The Quireboys celebrated the 10thanniversary of the epic Homewreckers And Heartbreakers album in front of a sold-out O2 Kentish Forum crowd. HRH Mag was there.

I Don’t Love You Anymore teased Spike at the end of a memorable night in the capital. The feeling is far from mutual. The Quireboys have never been more loved. And as the curtain fell on a truly fabulous evening – the brilliant headline act ably complemented by a brazen and bullish supporting cast – it felt more like the end of the beginning, rather than the beginning of the end for one of rock and roll’s most underrated national treasures.

The decision to play criminally overlooked classic Homewreckers And Heartbreakers in its entirety served a dual purpose: if the primary aim was to celebrate 10 years of a record re-released and re-evaluated then this was also an opportunity to make the critics cringe. Far too often The Quireboys are dismissed as second-rate journeymen steadfastly refusing to reinvent the rock and roll wheel. Judged on a smattering of Top 40 hits, rather than the breadth of an increasingly diverse back catalogue, theirs is a reputation damaged by lazy assumption and frequently self-defeating self-deprecation. Endearing frontman Spike loves to play the fool but beneath the seemingly haphazard surface lies a talented wordsmith whose ambition stretches far beyond the bottom of a glass.

In tandem with long-time band mate Guy Griffin and fellow North Easterner Paul Guerin, the canny singer songwriter created a masterwork in the shape of Homewreckers And Heartbreakers. And this was the chance to prove the point. To prove that there’s more to this misjudged band of loveable rogues than childish banter and after-show beers. To prove that 7 O’Clock was a mere snapshot in time. And to prove that classy musicianship, rather than clumsy misadventure, is at the heart of a band that deserves fresh recognition and a degree of respect.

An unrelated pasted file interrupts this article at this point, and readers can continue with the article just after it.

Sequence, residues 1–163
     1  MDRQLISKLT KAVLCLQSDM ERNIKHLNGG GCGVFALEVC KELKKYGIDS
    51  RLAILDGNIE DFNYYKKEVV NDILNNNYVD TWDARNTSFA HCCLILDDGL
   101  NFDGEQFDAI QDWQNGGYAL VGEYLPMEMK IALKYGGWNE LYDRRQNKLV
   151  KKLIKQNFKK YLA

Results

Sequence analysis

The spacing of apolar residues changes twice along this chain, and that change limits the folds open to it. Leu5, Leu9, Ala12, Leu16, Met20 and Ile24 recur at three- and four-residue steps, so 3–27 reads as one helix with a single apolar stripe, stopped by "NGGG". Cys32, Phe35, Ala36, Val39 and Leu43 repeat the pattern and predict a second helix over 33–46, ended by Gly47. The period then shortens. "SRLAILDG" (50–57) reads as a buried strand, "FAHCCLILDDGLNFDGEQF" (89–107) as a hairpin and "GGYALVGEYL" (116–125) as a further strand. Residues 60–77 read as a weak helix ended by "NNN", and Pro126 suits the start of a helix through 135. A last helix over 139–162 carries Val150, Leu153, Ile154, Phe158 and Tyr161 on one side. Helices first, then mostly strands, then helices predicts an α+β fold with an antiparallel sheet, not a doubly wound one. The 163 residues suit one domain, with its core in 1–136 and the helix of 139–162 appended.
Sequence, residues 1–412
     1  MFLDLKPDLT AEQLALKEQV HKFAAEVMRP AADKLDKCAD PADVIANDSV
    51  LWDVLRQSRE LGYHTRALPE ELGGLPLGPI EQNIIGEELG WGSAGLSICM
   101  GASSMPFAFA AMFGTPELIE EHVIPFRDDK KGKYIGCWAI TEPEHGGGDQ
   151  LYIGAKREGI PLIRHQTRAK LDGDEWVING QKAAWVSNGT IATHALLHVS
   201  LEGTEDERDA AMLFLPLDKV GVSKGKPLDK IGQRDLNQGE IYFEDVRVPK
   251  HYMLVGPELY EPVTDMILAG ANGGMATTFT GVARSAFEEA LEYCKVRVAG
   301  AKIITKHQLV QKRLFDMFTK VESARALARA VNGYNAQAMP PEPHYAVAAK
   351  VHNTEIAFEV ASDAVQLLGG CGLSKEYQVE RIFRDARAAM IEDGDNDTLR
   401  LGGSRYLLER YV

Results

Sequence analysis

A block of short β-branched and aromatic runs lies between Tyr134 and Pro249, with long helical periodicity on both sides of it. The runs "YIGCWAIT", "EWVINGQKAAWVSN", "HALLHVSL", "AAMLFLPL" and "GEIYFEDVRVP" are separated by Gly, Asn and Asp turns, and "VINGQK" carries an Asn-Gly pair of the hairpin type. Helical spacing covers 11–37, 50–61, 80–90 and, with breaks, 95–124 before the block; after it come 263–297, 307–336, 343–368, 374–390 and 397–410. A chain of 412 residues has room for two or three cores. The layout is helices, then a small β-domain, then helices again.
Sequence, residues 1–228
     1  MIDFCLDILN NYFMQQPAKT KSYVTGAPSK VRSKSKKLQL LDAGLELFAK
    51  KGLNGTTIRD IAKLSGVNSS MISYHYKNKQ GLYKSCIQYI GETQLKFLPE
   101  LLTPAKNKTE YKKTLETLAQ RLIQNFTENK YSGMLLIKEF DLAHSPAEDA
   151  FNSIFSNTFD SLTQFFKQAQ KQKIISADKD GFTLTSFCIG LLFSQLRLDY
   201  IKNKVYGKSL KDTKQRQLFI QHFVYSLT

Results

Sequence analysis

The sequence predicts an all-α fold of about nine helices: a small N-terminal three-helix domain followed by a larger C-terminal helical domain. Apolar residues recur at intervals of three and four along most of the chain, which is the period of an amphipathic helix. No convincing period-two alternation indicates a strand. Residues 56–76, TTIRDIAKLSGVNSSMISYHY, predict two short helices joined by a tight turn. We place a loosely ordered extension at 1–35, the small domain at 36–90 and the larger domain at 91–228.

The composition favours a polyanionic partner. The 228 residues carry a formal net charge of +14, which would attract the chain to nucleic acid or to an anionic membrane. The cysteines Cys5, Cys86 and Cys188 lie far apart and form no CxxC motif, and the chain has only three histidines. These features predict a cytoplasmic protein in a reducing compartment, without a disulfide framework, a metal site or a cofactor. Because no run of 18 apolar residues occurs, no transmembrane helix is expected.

The classic Mona Lisa Smiled has long held a special place in the hearts of Quireboys die-hards – and a prominent position in the band’s live sets – but Homewreckers And Heartbreakers’ standout track only scratches the surface of a record that pushes the boundaries from start to finish. Significantly, vast swathes of a capacity crowd were word perfect as I Love This Dirty Town, Josephine and the bittersweet Late Night Saturday Call rang out around the Kentish Forum. And as the band ripped through a spellbinding version of Blackwater – a rhythmic beast of a track – it became clear that there’s always been so much more to The Quireboys than meets the eye.

Spike talked of too little rehearsal time, hilariously messed up his lines when attempting to quote Aerosmith’s Steven Tyler and struggled to control an increasingly troublesome scarf but on a night when so much might have gone wrong, almost everything else went right. And having safely navigated their way through a record that required a serious reappraisal, the sense of relief was palpable by the time the band launched into the closing salvo of crowd-pleasing hits. This Is Rock And Roll, Spike remined the masses at the outset of the encore – but it was so much more.

Earlier, a stellar trio of support bands set the celebratory tone with rising stars Those Damn Crows whetting the appetite for Earache debut Murder And The Motive throughout a no-holds-barred set. When Shane Greenhall screams Rock N Roll Ain’t Dead it would take a brave man to argue against TDC’s insistent frontman and new single Blink Of An Eye proves the Bridgend crew have set their sights on the big time. During a typically abrasive show, Aaron Buchanan announced The Cult Classics have signed a new deal with Listenable and the French-based label have led where others should surely follow in signing the very best of British. Set closer Morals wrapped up 40 minutes of absolute mayhem and utter joy. H.E.A.T. had it all to do as the main support but the super Swedes never disappoint: Tearing Down The Walls and Living On The Run sounded immense within a venue built for hard rock heroes. Another full UK tour simply can’t some soon enough.

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